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Work is resuming on the $6 million street and ROW Improvement of Northland Avenue

by Jim Fink
Wed, Apr 4th 2018 04:00 pm
Buffalo Business First

 Another significant sign of progress is occurring around the Northland Workforce Training Center campus: a large section of Northland Avenue has been closed to traffic while crews begin a $6 million streetscape renovation.

"This makes the project even more real," said Mayor Byron Brown of the overall $100 million redevelopment effort on the city's East Side. "To me, closing the street is a powerful indicator that Northland is real and it is happening."

Starting Monday, April 9 crews will begin paving Northland Avenue between Fillmore Avenue and Grider Street. The project also includes new curbs, sidewalks, streetlighting, landscaping, utility upgrades and the creation of a passive neighborhood pocket park.

The century-old factory site is being redesigned as an educational hub for modern workforce needs. The first classes are scheduled to start August 27.

"When it's done, it will be a huge lift for the community," Brown said.

In addition to seed funding from the Buffalo Billion program, Buffalo Urban Development Corp., led by Brown, received a $4 million Restore NY grant that helped finance the demolition of a dilapidated structure at 777 Northland Avenue and help renovate what's called the Eastern Plant Building on East Delavan Avenue.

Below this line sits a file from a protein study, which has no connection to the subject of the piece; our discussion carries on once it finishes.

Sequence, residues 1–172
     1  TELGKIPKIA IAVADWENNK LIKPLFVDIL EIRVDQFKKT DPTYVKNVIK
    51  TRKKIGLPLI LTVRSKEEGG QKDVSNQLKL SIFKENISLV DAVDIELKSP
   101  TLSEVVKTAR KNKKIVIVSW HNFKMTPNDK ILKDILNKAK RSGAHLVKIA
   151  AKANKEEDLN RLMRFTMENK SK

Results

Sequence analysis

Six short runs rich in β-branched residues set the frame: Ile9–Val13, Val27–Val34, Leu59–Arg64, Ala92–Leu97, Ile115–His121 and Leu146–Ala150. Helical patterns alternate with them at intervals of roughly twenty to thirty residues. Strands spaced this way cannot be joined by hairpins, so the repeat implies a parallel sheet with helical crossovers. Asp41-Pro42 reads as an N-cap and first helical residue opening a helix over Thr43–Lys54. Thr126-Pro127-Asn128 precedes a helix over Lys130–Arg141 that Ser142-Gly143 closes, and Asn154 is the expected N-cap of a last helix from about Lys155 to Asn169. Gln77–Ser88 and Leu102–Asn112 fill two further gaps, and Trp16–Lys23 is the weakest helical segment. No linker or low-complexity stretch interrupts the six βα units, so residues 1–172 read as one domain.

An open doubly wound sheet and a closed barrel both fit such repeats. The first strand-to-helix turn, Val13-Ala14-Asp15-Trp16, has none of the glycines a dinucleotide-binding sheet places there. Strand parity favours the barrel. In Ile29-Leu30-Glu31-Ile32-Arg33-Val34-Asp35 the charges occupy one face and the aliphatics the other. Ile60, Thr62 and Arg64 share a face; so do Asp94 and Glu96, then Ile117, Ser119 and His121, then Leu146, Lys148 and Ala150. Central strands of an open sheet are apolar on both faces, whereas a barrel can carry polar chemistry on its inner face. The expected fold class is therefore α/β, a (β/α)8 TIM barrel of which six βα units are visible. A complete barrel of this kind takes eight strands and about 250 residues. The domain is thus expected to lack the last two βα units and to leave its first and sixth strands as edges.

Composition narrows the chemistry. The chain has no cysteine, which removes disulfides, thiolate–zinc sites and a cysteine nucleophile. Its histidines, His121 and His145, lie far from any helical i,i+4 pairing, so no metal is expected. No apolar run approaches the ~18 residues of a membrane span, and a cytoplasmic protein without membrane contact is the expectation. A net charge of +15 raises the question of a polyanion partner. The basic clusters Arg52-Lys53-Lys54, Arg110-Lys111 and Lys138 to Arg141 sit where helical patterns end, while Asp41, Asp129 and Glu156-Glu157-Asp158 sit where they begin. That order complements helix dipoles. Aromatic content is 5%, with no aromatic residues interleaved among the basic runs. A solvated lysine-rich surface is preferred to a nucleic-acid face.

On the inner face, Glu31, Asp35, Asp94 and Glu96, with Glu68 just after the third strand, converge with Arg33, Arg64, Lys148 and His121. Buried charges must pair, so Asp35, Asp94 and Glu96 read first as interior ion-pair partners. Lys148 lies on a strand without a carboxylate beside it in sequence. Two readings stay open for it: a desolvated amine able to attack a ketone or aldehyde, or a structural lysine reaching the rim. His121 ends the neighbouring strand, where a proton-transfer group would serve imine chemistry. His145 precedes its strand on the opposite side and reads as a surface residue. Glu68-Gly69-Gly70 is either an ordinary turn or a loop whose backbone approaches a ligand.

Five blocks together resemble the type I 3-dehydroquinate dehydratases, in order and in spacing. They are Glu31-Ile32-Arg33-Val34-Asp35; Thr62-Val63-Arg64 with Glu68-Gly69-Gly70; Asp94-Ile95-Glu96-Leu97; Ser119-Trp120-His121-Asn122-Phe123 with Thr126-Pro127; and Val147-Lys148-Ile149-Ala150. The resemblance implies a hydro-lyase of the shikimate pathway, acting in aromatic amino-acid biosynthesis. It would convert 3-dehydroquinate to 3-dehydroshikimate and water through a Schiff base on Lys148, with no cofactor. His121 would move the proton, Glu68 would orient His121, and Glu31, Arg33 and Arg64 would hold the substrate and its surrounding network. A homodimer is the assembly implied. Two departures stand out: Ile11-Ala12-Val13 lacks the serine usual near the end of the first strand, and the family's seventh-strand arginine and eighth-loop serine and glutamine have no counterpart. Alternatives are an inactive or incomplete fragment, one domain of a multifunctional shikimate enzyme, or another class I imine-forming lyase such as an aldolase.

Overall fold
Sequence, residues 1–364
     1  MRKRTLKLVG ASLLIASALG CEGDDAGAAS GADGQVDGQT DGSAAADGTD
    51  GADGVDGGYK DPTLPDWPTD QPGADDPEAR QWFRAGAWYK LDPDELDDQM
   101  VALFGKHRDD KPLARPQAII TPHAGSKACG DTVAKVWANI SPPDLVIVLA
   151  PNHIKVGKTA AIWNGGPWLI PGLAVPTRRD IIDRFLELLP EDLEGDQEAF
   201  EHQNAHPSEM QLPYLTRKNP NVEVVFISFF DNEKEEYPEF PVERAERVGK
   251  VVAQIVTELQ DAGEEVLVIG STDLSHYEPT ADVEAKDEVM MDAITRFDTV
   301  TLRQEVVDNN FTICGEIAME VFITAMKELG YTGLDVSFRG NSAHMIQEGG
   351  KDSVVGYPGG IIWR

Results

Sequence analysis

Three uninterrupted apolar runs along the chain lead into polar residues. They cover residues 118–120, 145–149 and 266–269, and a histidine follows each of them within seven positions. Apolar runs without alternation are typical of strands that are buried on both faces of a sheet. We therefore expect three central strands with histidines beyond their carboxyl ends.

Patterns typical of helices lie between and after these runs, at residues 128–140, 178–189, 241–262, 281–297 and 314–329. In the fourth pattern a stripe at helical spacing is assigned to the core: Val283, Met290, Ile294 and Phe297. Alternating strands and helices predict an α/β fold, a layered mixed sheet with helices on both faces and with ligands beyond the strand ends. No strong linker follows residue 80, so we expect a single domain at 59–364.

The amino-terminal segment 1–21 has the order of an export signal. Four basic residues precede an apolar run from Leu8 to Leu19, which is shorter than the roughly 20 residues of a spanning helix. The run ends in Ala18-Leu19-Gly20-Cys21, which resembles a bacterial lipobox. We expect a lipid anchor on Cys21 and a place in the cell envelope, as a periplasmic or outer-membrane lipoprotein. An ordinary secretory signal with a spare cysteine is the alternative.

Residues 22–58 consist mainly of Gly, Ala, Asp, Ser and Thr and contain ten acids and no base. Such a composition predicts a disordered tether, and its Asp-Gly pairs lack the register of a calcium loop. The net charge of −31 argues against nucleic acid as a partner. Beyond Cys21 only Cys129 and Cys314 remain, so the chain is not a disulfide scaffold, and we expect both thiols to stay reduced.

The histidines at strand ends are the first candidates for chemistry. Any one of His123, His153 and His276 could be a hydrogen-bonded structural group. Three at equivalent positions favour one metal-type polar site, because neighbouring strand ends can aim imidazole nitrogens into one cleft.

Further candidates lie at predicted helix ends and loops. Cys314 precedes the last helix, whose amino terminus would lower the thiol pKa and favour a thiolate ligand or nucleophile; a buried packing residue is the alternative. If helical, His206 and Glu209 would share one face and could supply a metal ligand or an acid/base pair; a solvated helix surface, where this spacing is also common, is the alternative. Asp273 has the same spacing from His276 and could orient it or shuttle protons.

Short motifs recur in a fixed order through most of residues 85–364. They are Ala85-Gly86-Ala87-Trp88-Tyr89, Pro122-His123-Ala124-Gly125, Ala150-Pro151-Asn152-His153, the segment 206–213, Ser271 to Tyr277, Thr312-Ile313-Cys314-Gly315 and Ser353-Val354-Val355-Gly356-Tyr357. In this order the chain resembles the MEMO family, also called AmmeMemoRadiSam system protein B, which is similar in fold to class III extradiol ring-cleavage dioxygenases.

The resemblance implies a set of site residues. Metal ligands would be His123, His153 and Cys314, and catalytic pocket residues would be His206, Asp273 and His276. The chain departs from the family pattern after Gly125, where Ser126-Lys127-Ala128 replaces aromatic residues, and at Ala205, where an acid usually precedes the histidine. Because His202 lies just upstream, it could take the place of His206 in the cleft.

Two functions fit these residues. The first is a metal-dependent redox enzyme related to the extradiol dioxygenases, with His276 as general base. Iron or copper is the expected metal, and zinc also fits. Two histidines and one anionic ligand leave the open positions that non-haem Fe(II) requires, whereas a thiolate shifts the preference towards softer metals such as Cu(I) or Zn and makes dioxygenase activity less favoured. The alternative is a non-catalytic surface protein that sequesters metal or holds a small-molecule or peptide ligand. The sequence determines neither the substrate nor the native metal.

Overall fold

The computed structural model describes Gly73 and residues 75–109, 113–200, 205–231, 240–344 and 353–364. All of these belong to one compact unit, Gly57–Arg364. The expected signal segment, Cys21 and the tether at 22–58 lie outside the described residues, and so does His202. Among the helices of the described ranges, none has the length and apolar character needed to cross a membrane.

Developments are continuing on several other fronts, including the 55,000-square-foot Buffalo Manufacturing Works facility that's due to open in July 2019. And design work is underway for "Project Rainfall", an urban hydroponics growing center that's also due to open next year.

Besides bringing an economic surge to an economically challenged section of the city, Brown said another goal of the Northland project is to make sure women and minority-owned firms and workers are part of the various construction projects. More than 28 percent of those working on one of the Northland aspects fit the demographics.

"I desperately wanted those impacts on the East Side," Brown said. "It wasn't a tough sell."